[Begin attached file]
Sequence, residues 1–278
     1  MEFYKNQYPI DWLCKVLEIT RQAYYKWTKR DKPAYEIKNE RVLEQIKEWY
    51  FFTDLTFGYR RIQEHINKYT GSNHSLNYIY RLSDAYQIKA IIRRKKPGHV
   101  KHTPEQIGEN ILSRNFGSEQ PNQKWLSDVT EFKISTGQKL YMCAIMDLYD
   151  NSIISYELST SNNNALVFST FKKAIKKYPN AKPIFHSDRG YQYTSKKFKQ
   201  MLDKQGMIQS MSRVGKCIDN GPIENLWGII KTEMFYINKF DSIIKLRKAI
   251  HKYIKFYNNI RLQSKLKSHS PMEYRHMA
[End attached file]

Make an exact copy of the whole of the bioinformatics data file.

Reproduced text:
Sequence, residues 1–278
     1  MEFYKNQYPI DWLCKVLEIT RQAYYKWTKR DKPAYEIKNE RVLEQIKEWY
    51  FFTDLTFGYR RIQEHINKYT GSNHSLNYIY RLSDAYQIKA IIRRKKPGHV
   101  KHTPEQIGEN ILSRNFGSEQ PNQKWLSDVT EFKISTGQKL YMCAIMDLYD
   151  NSIISYELST SNNNALVFST FKKAIKKYPN AKPIFHSDRG YQYTSKKFKQ
   201  MLDKQGMIQS MSRVGKCIDN GPIENLWGII KTEMFYINKF DSIIKLRKAI
   251  HKYIKFYNNI RLQSKLKSHS PMEYRHMA